I have worked with a wide range of social and community enterprises over the years and I am becoming increasingly convinced that an understanding of social capital can help significantly in accounting for how a social enterprise has an impact on its stakeholders and wider community.
I must admit that I was sceptical about the notion of social capital when I first came across it back in the late 1990s. But the more I found out about it, the more it appeared to make sense and nowadays I see social capital in all relationships between people, between organisations and between people and organisations.
The main refuge for social capital seems to be in the world of academia which abounds with articles and learned papers about what it is and how it works. This theoretical analysis has not really been adequately translated into practice. Arguably it should be, as I believe social capital can be useful in understanding community development, business relations, health and well-being and urban and rural regeneration.
In trying to get to grips with the concept of social capital, it may be useful to consider it within an historical context – albeit an overly simplified one…
Back in the 1960s there was a belief that communities could be developed through improving housing and the physical environment. In the 1970s emphasis was laid on instigating social change through the provision of what were called ‘basic needs’. The focus in the 1980s was much more on helping people with developing their skills that would enable them to get a job – or a better paid job. In the 1990s there were an increasing number of community initiatives that tried to mobilise groups encouraging community capacity building. Linked to this was a recognition that organisational development can contribute significantly to community change. More recently there was been more emphasis on social and community cohesion and this is where social capital plays a major role.
So what is this thing called social capital?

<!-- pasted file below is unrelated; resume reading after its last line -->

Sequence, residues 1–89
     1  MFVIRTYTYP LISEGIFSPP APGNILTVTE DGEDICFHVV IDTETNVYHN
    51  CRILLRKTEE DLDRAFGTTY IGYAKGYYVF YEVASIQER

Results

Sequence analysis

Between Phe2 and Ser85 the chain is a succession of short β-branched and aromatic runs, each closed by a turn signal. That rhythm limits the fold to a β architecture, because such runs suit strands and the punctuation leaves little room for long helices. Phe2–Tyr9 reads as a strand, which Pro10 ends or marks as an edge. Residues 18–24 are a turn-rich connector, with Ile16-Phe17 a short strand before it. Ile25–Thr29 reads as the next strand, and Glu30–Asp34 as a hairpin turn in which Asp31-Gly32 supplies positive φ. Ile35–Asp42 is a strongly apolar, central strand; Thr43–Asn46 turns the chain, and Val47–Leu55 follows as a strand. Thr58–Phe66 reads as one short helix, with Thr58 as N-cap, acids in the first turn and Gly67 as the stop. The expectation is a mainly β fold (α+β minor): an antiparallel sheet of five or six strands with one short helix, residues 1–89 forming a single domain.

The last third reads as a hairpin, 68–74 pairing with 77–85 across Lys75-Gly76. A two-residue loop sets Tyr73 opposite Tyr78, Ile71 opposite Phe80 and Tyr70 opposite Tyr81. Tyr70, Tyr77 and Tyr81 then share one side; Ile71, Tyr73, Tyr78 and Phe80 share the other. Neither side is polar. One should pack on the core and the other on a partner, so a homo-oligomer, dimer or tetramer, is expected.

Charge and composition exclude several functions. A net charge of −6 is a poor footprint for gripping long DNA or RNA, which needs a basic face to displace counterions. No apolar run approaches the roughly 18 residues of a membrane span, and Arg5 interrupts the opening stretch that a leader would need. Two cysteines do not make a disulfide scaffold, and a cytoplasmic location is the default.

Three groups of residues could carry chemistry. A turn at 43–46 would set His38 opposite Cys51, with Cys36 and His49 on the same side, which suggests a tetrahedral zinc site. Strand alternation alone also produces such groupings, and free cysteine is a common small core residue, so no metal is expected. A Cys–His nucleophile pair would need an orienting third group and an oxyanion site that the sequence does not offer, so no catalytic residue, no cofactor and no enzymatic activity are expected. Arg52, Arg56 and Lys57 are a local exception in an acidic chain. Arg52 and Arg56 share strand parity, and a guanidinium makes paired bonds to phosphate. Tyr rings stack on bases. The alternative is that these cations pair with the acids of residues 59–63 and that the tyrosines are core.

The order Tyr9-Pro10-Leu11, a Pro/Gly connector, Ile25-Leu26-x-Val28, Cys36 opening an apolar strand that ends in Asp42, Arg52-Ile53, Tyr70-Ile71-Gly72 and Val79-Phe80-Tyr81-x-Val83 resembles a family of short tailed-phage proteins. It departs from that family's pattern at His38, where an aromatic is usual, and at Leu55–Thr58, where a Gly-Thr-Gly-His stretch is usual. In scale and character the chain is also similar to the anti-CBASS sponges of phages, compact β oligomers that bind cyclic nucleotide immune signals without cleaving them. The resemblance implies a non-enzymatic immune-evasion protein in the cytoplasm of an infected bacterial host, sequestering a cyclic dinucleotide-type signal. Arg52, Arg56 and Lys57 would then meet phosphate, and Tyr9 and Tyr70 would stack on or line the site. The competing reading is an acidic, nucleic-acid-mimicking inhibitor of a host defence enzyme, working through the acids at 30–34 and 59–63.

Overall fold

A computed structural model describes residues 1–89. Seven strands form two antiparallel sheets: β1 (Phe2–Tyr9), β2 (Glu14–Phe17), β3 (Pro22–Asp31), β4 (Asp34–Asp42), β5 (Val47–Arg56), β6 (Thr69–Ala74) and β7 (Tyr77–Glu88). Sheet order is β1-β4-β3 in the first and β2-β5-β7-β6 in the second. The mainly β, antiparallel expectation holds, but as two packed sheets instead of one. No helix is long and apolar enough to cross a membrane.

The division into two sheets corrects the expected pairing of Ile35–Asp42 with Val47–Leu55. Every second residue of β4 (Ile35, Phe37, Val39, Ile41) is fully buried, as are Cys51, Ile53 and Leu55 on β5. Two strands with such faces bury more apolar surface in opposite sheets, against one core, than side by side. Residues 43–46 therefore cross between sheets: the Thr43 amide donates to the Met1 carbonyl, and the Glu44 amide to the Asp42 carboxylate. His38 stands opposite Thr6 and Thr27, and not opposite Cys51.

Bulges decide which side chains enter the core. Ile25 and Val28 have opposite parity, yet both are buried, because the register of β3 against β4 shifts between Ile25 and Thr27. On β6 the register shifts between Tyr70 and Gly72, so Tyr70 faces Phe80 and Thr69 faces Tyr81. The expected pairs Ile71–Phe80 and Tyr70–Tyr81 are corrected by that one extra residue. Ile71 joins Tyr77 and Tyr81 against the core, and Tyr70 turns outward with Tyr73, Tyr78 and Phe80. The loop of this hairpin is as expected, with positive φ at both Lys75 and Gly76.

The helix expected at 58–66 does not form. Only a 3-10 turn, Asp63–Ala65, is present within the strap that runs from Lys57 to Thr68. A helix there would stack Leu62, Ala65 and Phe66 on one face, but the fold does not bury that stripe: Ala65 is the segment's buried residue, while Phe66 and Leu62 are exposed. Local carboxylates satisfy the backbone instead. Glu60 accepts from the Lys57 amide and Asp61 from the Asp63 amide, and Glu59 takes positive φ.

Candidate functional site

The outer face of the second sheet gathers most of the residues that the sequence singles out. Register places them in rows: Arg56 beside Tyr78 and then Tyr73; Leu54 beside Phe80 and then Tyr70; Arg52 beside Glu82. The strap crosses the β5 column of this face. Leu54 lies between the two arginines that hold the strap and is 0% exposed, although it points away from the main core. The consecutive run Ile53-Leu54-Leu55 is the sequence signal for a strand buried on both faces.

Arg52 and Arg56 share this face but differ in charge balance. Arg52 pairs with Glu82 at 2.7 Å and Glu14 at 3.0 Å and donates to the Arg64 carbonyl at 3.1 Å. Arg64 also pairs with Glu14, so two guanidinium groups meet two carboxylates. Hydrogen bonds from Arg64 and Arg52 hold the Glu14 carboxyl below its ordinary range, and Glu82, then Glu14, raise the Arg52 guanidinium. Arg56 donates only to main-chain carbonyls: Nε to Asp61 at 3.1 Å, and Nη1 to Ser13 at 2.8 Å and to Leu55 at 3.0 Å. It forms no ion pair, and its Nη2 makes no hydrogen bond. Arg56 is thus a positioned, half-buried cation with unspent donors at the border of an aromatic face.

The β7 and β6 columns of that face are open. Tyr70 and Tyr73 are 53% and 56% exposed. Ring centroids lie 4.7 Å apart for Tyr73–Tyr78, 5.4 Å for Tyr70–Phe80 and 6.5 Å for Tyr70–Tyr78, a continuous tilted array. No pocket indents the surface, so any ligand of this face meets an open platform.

Back in the 2000s I wrote a chapter in John Pearce’s Social Enterprise in Anytown and described social capital as being ‘that intangible “something” that exists between individuals and organisations within a community; the connections and trusting contacts that people make while going about their daily business’.
Following the work of the CONSCISE Project and work since, six elements to social capital have been identified and these fall into three categories:
- Trust, social networks and reciprocity/mutuality are about the relationships between individuals and organisations;
- Shared norms of behaviour (values) and shared commitment and belonging are about more than one individual and/or organisation sharing values and sharing a way of thinking
- Effective information channels permit individuals and organisations to access information from outside and within the community
This can be summarised diagrammatically…
So how does all this work in the context of a community enterprise keeping social accounts and compiling a social report? (In this blog I shall use the term ‘community enterprise’ but much of what is said can equally apply to ‘social enterprise’ and voluntary organisations, and so on.)
One way is to carry out what we called a ‘stocktake’. This assesses whether or not a community enterprise is committing itself to a social capital approach. The Social Capital Stocktake is a tool that any social enterprise can use in a heuristic way to ascertain the extent and depth of social capital and its generation within a community enterprise.
Here is an example of some of the questions around trust that could be included in the stocktake. The questions might be completed individually, then discussed in a group of those involved in the community enterprise with the aim of bringing about a ‘healthier’ score. (‘5’ means that one totally agrees with left hand statement; and ‘1’ means that one totally agrees with the right hand statement).
|In general we trust the organisations we work with
||5 4 3 2 1